Taharah (purification ritual) is the ritual practice of purifying and preparing the deceased for burial. It is especially comforting for us when a death occurs to know that our loved one is in the loving care of members of our own community. Taharah is performed by trained members of our temple and is available for our congregants and their family members. Taharah may be requested when funeral arrangements are made.
Jewish custom provides guidance for every life-cycle event: birth, bar/bat mitzvah, marriage, and death. When a death occurs, we prepare the deceased for burial by practicing the rituals of Taharah.
Judaism holds that in life, a person is an integrated whole, composed of body and soul. At death, the two parts are separated. As the body is prepared for burial, the neshama (soul) remains near the body until burial. Therefore, respect for the kavod ha met (body) is of the highest concern. After burial, the neshama prepares to enter Eternity.
Preparation for Death
Preparation of the deceased for burial is entrusted to the Chevra Kadisha, the Sacred Burial Society. Throughout Jewish history, serving on the Chevra Kadisha has been a great honor. These women and men are volunteers who are specially trained to perform Taharah.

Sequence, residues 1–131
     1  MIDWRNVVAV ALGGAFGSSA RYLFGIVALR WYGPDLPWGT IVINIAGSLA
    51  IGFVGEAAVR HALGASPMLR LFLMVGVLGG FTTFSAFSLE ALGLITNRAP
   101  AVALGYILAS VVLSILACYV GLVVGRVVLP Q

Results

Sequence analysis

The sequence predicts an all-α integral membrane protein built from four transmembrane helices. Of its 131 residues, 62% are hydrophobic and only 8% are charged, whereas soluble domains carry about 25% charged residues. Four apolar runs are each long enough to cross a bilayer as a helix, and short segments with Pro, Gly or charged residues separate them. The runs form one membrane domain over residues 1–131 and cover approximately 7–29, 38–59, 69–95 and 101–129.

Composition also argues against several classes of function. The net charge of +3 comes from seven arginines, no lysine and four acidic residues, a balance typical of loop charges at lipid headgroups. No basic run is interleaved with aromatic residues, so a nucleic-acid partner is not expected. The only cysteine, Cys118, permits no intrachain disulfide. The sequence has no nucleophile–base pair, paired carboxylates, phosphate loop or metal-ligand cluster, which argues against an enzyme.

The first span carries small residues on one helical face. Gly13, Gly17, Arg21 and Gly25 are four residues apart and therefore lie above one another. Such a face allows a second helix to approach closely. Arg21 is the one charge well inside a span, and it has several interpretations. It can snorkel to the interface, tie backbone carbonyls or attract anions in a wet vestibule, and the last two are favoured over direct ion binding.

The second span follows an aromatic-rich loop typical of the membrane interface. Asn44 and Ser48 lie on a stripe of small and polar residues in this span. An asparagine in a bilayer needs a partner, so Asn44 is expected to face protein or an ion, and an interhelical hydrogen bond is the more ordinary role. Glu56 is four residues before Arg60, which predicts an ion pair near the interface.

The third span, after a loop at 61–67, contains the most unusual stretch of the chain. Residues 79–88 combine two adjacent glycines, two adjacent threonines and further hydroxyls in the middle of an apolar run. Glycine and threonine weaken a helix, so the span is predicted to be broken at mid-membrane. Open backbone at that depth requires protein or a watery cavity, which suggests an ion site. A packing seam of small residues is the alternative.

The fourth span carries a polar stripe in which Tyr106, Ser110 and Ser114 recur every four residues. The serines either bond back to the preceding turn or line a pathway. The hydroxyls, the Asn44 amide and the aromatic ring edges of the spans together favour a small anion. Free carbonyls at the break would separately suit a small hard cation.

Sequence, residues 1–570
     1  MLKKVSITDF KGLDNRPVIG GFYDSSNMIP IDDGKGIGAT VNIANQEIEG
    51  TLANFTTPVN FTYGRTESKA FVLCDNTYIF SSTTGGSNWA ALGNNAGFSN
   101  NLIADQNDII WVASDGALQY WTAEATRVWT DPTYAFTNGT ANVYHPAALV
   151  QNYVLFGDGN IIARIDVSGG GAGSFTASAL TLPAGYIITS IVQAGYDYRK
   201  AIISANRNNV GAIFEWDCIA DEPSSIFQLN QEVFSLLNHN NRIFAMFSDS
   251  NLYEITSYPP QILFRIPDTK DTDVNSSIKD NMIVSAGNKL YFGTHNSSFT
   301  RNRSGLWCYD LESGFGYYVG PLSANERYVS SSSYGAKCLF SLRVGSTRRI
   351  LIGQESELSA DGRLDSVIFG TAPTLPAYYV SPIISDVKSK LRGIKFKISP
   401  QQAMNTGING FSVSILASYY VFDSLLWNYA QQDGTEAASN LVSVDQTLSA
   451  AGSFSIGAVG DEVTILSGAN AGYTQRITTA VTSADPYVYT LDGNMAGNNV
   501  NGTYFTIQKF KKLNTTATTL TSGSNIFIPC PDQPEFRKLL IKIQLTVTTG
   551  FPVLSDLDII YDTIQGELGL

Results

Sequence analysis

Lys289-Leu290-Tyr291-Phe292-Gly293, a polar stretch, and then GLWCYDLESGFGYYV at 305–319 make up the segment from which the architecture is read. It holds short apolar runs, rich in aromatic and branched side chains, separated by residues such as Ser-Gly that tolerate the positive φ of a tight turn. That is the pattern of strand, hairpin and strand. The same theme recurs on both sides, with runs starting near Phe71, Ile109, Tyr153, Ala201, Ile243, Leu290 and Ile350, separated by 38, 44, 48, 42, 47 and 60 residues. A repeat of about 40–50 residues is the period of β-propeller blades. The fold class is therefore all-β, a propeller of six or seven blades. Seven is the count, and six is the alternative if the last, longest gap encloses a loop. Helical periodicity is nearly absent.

As death is the end of the cycle of life, funeral rituals reflect those of birth. Just as a newborn is washed, dressed and delivered to a loving parent, the deceased is also washed, dressed and prepared for delivery into the hands of a loving Parent. Special prayers drawn from the Torah, Prophets and the Song of Songs are recited during this ritual. The preparation for burial is a chesed shel emet (truest act of loving kindness, which can never be repaid).
The process of preparing the deceased for burial is called Taharah. After the body is washed and dried, the deceased is ritually purified through immersion of running water, similar to the mikvah (purification bath) that was required of worshippers entering the Temple of Jerusalem. When a mikvah is not available, a continuous cascade of water is poured over the body. Taharah insures that the deceased is made ritually pure.
When the body has been rendered ritually clean, it is carefully dressed in special clothing called tachrichim (shrouds of white linen). They are patterned after the clothing worn by the High Priest in the Holy Temple on Yom Kippur.
“For dust you are, and to dust you shall return,” (Gen. 3:19). A traditional casket is made entirely of a natural biodegradable material, such as wood, with a few holes in the bottom to hasten the body’s natural decomposition. In keeping with the concept of equality in death, a simple casket is appropriate. When the body is settled in the casket, soil from Israel may be sprinkled over the shrouded body, making the connection with the land of our ancestors. The deceased is wrapped in a large linen sheet and the casket is closed, not to be reopened.